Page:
AMD is looking to stem the tide with the only tools available to it in the short term, and they're both very old-school: a price cut and a clock speed increase. Can these time-worn techniques put the Athlon 64 back on the map in this age of fancy-pants architectural tweaks and CPU cores multiplying like guppies? The Athlon 64 X2 6000+ is a great test case. It now costs less than its natural competitor, the Core 2 Duo E6700, and it has quietly become the first Athlon 64 X2 processor to reach the 3GHz milestone.
The X2 6000+ debuts amid a changing landscape, as well. Windows Vista is here, and the conversion to Vista will likely mean increased uptake for 64-bit software on the desktop. Accordingly, we've moved our CPU testing to Windows Vista x64, with a healthy mix of 64-bit and multithreaded code to run on it. Keep reading to see how the X2 6000+ fares in this new environment.
The X2 6000+ up close
The Athlon 64 X2 is a familiar quantity by now, so I'll spare you the details. The vitals on the X2 6000+ are simply this: two cores at 3GHz with 1MB of L2 cache per core, primed for Socket AM2. AMD has begun shipping some 65nm processors, but this isn't one of them; it's still made using a 90nm fab process. The combination of a high clock speed and a 90nm fab process brings the X2 6000+ one less desirable trait: a max thermal power rating of 125W, well above the 65W and 89W ratings of the lower rungs of the Athlon 64 lineup.
Here, for your viewing pleasure, are some unnecessarily large close-ups of our X2 6000+ review sample.
As I said before, this processor's most natural competitor is the Core 2 Duo E6700, which runs at 2.66GHz but has the higher clock-for-clock performance of Intel's Core microarchitecture going for it. Concomitant with its lower clock speed and 65nm fab process, the E6700 has a much nicer thermal design power rating of only 65W, as well. AMD seems to have built a discount into the X2 6000+ in order to make up for that shortcoming. The E6700 currently lists for $530, and the X2 6000+ undercuts it with an initial price of $459. Below this price point, things align more closely, with the X2 5600+ at $326 facing off against the E6600 at $316. Above this price point, you're into quad-core territory.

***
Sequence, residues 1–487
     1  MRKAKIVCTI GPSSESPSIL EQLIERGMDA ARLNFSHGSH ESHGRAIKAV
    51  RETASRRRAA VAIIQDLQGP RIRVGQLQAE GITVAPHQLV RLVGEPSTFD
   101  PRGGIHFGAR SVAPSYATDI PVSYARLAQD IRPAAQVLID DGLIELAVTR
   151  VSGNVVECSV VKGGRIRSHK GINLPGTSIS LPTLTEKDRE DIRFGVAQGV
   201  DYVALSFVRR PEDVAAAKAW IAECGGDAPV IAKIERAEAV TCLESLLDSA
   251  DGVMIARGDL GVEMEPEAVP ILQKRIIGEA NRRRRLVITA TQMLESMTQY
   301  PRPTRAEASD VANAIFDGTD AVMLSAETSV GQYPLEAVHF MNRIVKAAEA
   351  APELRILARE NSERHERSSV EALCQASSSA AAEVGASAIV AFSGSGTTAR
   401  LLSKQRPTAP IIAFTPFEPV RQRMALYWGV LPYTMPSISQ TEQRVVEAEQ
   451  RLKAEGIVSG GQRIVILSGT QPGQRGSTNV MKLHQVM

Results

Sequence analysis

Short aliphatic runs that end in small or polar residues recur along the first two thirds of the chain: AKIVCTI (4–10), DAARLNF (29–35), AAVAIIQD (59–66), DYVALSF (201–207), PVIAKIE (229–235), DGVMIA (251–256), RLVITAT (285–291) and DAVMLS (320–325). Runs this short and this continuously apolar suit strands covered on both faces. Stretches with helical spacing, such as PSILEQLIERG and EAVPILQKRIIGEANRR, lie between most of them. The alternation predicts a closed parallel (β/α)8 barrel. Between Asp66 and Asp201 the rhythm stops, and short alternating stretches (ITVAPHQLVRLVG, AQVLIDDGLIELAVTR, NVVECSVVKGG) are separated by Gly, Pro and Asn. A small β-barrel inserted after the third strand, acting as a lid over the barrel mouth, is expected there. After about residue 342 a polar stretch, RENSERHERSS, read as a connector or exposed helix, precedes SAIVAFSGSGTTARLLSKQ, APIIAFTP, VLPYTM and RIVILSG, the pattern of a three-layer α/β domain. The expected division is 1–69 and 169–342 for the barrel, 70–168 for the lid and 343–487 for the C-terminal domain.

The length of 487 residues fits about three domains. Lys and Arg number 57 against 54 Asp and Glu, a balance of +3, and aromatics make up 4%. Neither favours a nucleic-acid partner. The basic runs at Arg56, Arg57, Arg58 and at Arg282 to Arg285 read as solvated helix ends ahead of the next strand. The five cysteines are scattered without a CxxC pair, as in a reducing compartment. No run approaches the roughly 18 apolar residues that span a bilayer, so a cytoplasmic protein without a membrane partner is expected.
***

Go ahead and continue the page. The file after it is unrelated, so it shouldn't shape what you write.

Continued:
Thus, to keep things simple, we've decided to clear off the table and match up the X2 6000+ against the Core 2 Duo E6700 for a head-to-head comparison. (Well, that and we've spent too much time figuring out how to sidestep the quirks of Windows Vista to provide you with more results today. We'll be following up with results from additional CPUsincluding the less expensive quad-core processorsfairly soon.) Can the Athlon 64 X2 6000+ make a case for itself in the face of formidable competition from Intel? Let's take a look.
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